A NAS device can make data backups simple, automated, and secure
Lost data is the stuff of any business owner’s nightmares. The power goes out, a hard drive fails, a laptop gets forgotten at the airport, a hacker breaks through your network defenses; and, in that single moment, data that you rely on to run your small business disappears. Whether it’s a list of new customer leads, this year’s tax documents, or a user manual for a new product, it doesn’t matter—losing that data can be devastating to your business.
Have you lived this nightmare?
You can chase the fear of data loss from your dreams by deploying an automated backup system. Surprisingly, though, many smaller businesses don’t protect their data with regular backups, according to a recent research from Symantec. The 2011 SMB Disaster Preparedness Global Survey found that half of respondents back up just 60 percent of their data, less than half back up their data every week or more frequently, and approximately 20 percent run daily backups. The survey also reveals that many small businesses don’t back up their most important data: 31 percent don’t back up email, 21 percent don’t back up application data, and 17 percent don’t back up customer data.
Do you have the cold sweats yet?
Protecting your business from data loss is fairly simple with a network attached storage (NAS) device. Even for small networks, a NAS solution is a great way to back up and archive files as well as create a file-sharing system for all your employees. And, you can simultaneously create automatic off-site backups in case of emergency if you subscribe to an online backup service.
Network Attached Storage to the rescue
A NAS appliance, like the Cisco NSS300 Series Smart Storage, is connected directly to your network for centralized storage and is shared among all users. It gives all employees additional storage capacity that can be accessed at high speeds, so there’s no reason for them to only store important data on their local PC or laptop. You can schedule backups to occur automatically; that way, files are backed up as soon as they are created and then again on a regular, frequent basis.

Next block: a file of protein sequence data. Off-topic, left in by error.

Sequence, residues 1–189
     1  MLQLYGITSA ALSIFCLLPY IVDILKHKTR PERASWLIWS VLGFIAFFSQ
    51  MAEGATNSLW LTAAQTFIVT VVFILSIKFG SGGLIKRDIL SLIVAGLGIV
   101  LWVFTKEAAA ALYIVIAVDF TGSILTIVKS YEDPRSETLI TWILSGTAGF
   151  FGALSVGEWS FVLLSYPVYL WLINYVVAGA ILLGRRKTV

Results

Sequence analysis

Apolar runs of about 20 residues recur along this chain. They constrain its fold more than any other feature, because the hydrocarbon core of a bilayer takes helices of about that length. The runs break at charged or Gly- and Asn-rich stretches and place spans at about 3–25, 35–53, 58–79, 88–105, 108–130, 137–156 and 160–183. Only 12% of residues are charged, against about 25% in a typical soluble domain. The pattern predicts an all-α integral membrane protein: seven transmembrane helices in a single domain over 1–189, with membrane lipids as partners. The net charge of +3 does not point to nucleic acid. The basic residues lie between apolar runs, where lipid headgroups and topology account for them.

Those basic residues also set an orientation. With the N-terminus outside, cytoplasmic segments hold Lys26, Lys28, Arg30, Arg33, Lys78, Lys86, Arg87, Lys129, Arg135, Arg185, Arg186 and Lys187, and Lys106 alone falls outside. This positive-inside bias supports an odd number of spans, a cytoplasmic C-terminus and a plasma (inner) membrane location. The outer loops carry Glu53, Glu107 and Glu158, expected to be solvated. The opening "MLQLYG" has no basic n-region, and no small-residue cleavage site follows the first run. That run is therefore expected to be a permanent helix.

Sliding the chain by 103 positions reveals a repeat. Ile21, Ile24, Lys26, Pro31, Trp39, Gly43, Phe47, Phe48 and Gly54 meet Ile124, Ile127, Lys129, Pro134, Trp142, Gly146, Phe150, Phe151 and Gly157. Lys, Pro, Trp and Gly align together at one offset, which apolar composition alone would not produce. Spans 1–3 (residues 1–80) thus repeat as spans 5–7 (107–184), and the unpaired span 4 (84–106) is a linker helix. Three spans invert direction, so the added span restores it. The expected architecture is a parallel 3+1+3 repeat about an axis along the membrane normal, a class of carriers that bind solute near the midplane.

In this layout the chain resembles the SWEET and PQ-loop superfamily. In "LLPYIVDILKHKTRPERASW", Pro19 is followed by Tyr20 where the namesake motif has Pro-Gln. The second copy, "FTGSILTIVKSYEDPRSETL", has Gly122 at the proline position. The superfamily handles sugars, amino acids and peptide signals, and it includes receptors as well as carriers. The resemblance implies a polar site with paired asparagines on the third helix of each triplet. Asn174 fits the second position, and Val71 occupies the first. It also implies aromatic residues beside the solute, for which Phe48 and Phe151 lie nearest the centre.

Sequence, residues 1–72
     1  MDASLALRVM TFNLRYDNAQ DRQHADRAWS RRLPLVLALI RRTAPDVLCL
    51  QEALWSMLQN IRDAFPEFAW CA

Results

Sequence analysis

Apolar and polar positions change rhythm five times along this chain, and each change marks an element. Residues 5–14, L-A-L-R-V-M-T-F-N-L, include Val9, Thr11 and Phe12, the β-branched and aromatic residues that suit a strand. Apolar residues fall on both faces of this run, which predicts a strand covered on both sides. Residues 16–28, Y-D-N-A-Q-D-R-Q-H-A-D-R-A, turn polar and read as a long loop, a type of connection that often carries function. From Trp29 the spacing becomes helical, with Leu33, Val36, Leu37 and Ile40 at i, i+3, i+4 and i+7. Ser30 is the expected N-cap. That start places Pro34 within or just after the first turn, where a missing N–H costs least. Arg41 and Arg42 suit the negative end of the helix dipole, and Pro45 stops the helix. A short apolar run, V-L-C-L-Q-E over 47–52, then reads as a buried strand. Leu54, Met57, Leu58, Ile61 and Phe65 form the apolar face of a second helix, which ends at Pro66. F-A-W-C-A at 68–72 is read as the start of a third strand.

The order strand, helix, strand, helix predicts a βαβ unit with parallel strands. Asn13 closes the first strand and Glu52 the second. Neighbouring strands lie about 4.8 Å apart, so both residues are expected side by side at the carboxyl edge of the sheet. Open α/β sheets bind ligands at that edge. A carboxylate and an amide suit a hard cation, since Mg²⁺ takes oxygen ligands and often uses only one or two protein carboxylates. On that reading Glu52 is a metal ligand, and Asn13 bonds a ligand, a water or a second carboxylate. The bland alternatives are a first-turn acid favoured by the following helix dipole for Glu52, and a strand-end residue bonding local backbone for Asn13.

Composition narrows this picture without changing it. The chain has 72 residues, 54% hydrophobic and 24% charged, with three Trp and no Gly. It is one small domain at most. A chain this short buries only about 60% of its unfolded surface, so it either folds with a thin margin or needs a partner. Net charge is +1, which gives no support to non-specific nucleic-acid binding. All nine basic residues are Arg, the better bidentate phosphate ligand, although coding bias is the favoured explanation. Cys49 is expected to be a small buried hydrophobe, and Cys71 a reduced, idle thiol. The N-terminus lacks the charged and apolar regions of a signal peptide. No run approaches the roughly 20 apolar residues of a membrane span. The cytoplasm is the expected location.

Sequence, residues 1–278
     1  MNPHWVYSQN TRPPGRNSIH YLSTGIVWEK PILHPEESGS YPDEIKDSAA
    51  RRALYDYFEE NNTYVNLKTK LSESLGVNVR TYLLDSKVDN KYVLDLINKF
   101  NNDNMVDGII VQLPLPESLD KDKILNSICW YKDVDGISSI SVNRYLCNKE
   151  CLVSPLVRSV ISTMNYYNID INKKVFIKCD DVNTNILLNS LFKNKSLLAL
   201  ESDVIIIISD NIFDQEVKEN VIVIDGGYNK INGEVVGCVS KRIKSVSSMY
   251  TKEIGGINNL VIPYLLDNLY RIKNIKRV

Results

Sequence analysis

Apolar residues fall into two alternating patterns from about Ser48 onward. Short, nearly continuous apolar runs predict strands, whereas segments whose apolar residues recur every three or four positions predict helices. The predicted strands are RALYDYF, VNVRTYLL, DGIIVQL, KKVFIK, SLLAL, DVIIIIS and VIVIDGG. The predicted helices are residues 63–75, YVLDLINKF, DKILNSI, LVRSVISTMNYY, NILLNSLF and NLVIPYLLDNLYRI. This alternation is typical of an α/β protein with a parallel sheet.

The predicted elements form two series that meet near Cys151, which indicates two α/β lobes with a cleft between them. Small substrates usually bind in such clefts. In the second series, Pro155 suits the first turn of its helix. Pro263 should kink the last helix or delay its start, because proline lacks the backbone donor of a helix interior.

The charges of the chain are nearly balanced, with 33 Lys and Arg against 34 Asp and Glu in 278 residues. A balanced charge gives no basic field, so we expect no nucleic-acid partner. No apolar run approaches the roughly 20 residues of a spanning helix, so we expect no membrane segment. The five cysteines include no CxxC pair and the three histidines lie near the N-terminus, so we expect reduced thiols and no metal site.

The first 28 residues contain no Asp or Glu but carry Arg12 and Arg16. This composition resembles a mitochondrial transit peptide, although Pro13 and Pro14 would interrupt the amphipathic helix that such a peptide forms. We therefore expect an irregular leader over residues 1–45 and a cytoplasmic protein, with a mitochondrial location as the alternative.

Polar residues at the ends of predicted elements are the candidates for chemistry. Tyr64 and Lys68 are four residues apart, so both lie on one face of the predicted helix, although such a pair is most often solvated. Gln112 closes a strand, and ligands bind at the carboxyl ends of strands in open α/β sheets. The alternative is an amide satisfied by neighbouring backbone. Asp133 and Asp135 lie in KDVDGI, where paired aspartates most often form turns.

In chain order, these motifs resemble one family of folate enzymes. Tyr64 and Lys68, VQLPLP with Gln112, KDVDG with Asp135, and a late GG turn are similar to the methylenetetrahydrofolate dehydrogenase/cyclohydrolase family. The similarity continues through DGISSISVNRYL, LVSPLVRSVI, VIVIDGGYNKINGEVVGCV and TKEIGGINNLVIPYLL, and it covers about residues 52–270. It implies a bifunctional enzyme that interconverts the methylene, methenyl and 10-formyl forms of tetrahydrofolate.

A NAS device also helps prevent data loss with multiple, redundant hard drives. If one drive fails, your backed up data is available on another functioning drive. You can also use the NAS device to restrict sensitive data, so that only users with the appropriate security clearance can access specific files.
There are three different models in the NSS300 Series, so there’s one to match your company’s back-up needs. They’re available in a range of storage capacities—you can have as much as 12TB in hard drives pre-installed. Each NSS300 model comes with several business applications, including a Web Server with WordPress Publishing and MySQL Database, and many others are available for free download like Joomla for building websites and Open Web Analytics for web analytics.
To further protect your data, you can opt for the Mozy online backup service when you configure the NSS300 Series. Mozy lets you create automatic off-site backups, which are critical to a disaster recovery plan.
By combining local and online backup, the NAS device can help you prevent data loss both on and off site, keeping your business safe from hackers, forgetful employees, and even Mother Nature. What best practices have you established for baking up your company’s critical data?